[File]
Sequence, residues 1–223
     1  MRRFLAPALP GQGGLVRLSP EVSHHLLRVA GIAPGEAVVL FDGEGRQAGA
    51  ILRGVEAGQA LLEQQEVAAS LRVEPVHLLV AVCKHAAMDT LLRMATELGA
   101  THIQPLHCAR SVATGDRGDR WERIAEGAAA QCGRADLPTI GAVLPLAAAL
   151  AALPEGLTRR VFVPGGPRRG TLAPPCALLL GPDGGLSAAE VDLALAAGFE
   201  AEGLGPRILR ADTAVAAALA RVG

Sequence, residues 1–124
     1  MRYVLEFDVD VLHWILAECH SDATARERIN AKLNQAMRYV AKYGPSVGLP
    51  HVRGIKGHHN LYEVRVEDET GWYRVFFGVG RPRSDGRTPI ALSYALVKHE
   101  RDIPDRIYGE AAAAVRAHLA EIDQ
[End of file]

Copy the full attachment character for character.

Sequence, residues 1–223
     1  MRRFLAPALP GQGGLVRLSP EVSHHLLRVA GIAPGEAVVL FDGEGRQAGA
    51  ILRGVEAGQA LLEQQEVAAS LRVEPVHLLV AVCKHAAMDT LLRMATELGA
   101  THIQPLHCAR SVATGDRGDR WERIAEGAAA QCGRADLPTI GAVLPLAAAL
   151  AALPEGLTRR VFVPGGPRRG TLAPPCALLL GPDGGLSAAE VDLALAAGFE
   201  AEGLGPRILR ADTAVAAALA RVG

Sequence, residues 1–124
     1  MRYVLEFDVD VLHWILAECH SDATARERIN AKLNQAMRYV AKYGPSVGLP
    51  HVRGIKGHHN LYEVRVEDET GWYRVFFGVG RPRSDGRTPI ALSYALVKHE
   101  RDIPDRIYGE AAAAVRAHLA EIDQ